Rannfrid Thelle Author Of Discovering Babylon

From my list on history about how we know the past.

Who am I?

I’ve always loved stories about people, places, and times other than those I can know myself. As a child, I was fascinated by a book of stories from “the steppes” of Central Asia. My drive to know more has taken me (through books or physically) along the Silk Road, given me tales from ancient Mesopotamia, shown me glimpses into the lives of Orthodox Jewish women, European immigrants to the “New World,” survivors of the transatlantic slave trade or the Korean War, and many other cultures and experiences. I am basically awe-struck by what humans have thought, created, suffered, and sung about throughout times and places. 

Rannfrid's book list on history about how we know the past

Rannfrid Thelle Why did Rannfrid love this book?

I read this book as a college student while on a spur-of-the-moment trip to Athens, Greece. As I sat reading while intermittently gazing at the view of the Acropolis from my hotel balcony, a frappe at my side, the book captivated me.

Written by a world-renowned historian in response to his son’s question, “What is history?”, this book opened vistas of reflection about our connections with past cultures and why we do history.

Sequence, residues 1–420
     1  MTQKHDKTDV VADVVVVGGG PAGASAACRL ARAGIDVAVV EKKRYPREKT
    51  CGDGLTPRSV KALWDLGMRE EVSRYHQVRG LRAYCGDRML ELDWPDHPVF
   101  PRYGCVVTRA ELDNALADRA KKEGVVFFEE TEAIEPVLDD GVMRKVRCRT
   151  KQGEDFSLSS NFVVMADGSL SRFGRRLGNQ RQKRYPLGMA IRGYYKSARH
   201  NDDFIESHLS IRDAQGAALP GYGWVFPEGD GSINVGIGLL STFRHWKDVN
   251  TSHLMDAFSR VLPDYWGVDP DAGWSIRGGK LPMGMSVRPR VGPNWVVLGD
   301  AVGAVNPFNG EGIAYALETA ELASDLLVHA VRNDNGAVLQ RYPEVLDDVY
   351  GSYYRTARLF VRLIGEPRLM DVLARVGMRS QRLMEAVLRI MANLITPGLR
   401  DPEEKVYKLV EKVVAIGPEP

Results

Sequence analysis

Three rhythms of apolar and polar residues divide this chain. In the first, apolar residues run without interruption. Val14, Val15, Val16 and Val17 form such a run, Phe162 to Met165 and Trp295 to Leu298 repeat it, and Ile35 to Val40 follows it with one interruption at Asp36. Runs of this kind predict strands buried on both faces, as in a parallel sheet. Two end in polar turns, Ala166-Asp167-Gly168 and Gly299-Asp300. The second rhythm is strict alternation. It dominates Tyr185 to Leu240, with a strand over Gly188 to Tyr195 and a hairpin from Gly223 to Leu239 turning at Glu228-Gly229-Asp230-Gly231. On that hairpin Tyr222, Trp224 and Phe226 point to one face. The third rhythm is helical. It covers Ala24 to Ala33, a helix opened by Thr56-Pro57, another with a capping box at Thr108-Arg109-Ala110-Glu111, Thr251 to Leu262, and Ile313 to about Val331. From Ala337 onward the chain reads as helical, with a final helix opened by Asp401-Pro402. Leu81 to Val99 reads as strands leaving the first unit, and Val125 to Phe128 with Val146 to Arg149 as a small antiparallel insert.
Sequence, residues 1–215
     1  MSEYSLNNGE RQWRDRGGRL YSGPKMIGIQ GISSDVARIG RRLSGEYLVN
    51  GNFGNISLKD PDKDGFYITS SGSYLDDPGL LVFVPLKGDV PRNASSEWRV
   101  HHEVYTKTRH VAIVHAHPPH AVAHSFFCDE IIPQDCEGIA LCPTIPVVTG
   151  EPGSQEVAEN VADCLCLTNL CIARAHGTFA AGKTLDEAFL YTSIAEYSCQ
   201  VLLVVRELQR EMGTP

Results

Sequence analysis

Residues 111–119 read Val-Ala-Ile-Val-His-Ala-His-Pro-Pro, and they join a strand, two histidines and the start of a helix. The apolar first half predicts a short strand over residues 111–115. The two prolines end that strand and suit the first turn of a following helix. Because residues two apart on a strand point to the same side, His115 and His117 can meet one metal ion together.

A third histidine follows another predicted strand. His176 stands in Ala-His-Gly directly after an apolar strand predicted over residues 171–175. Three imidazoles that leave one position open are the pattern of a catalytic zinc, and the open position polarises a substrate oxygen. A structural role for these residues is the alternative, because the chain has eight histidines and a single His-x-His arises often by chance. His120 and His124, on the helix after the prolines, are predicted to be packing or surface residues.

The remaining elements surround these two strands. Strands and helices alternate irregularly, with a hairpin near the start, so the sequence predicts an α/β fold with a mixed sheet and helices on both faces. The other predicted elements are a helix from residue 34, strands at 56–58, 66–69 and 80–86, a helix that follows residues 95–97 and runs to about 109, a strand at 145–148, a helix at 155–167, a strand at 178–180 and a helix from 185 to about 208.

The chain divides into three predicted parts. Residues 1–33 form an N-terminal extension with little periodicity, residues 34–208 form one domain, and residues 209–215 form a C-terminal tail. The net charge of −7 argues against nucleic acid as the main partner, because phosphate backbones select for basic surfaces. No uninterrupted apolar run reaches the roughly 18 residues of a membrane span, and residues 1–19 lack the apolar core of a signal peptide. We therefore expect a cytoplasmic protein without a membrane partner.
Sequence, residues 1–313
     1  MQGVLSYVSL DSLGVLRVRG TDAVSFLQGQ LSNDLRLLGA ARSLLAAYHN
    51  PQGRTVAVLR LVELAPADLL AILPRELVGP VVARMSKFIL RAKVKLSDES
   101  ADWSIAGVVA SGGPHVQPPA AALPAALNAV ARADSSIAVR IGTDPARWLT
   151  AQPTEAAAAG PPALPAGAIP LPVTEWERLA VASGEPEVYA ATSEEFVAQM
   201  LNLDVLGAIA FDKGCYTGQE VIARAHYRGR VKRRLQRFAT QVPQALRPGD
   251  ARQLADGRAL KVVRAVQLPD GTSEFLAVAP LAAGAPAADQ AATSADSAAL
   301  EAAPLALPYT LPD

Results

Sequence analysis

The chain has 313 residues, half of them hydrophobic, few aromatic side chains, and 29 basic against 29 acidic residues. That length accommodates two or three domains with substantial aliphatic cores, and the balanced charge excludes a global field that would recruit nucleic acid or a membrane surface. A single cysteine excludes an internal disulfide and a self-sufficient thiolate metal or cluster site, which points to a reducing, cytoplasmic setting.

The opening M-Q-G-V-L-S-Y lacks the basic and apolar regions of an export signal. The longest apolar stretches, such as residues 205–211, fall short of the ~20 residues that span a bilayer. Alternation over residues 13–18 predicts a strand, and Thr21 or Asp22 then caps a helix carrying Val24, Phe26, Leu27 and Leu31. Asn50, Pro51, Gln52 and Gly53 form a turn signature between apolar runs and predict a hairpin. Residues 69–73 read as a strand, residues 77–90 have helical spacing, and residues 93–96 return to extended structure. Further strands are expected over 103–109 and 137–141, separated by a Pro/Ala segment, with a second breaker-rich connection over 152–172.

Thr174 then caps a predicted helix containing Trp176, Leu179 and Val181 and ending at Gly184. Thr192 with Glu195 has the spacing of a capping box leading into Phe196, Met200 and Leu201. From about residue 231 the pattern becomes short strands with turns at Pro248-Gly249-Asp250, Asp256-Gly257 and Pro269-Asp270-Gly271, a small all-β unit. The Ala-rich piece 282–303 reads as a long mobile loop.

In a present where we are often being pushed to look forward, to innovate, and move on, The Historian’s Craft helped me to better articulate the value of understanding history. Surrounded by the rich cultural heritage of ancient Greece, this book just made perfect sense.

By Marc Bloch,

Why should I read it?

2 authors picked The Historian’s Craft as one of their favorite books, and they share why you should read it.

What is this book about?

This work, by the co-founder of the "Annales School" deals with the uses and methods of history. It is useful for students of history, teachers of historiography and all those interested in the writings of the Annales school.


Book cover of Propaganda: The Formation of Men's Attitudes

Samuel Woolley Author Of Manufacturing Consensus: Understanding Propaganda in the Era of Automation and Anonymity